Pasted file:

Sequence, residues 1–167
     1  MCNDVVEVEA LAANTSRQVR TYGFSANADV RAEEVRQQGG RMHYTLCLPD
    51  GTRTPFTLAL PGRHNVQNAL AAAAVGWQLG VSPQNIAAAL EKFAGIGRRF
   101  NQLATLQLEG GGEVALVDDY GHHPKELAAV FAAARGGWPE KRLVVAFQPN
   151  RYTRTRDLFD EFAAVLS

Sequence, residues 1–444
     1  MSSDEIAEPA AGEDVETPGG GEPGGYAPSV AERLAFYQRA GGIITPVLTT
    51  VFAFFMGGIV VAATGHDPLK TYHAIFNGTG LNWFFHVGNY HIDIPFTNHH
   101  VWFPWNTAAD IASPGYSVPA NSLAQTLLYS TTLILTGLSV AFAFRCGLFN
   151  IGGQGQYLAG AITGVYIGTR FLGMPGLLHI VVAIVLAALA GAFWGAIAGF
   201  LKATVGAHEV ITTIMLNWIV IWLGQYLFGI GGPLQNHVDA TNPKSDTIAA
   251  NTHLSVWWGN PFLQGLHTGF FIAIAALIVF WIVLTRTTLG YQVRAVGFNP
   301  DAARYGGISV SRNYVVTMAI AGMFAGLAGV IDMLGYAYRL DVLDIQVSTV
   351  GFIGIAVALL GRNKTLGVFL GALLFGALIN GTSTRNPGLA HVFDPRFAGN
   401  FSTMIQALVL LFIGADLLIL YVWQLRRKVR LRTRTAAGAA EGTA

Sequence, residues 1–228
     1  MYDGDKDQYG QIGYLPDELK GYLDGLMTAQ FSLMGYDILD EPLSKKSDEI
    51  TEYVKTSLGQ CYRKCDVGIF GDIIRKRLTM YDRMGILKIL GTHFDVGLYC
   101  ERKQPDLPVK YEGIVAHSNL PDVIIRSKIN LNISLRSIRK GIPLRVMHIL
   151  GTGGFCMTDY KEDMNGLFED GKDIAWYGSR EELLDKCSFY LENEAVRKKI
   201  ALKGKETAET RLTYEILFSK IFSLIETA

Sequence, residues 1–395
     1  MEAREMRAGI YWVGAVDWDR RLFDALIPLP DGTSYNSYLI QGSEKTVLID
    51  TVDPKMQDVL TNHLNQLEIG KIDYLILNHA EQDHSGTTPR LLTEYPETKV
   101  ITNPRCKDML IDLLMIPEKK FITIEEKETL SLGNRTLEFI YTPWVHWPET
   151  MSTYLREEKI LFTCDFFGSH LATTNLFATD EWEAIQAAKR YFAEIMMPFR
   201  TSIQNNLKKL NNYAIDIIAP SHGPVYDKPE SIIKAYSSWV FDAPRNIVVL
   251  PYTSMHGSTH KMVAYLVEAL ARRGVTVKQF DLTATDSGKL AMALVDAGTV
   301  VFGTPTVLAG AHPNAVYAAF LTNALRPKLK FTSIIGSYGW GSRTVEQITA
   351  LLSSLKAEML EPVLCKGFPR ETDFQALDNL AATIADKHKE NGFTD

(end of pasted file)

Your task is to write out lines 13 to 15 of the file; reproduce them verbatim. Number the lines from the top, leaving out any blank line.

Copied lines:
   301  DAARYGGISV SRNYVVTMAI AGMFAGLAGV IDMLGYAYRL DVLDIQVSTV
   351  GFIGIAVALL GRNKTLGVFL GALLFGALIN GTSTRNPGLA HVFDPRFAGN
   401  FSTMIQALVL LFIGADLLIL YVWQLRRKVR LRTRTAAGAA EGTA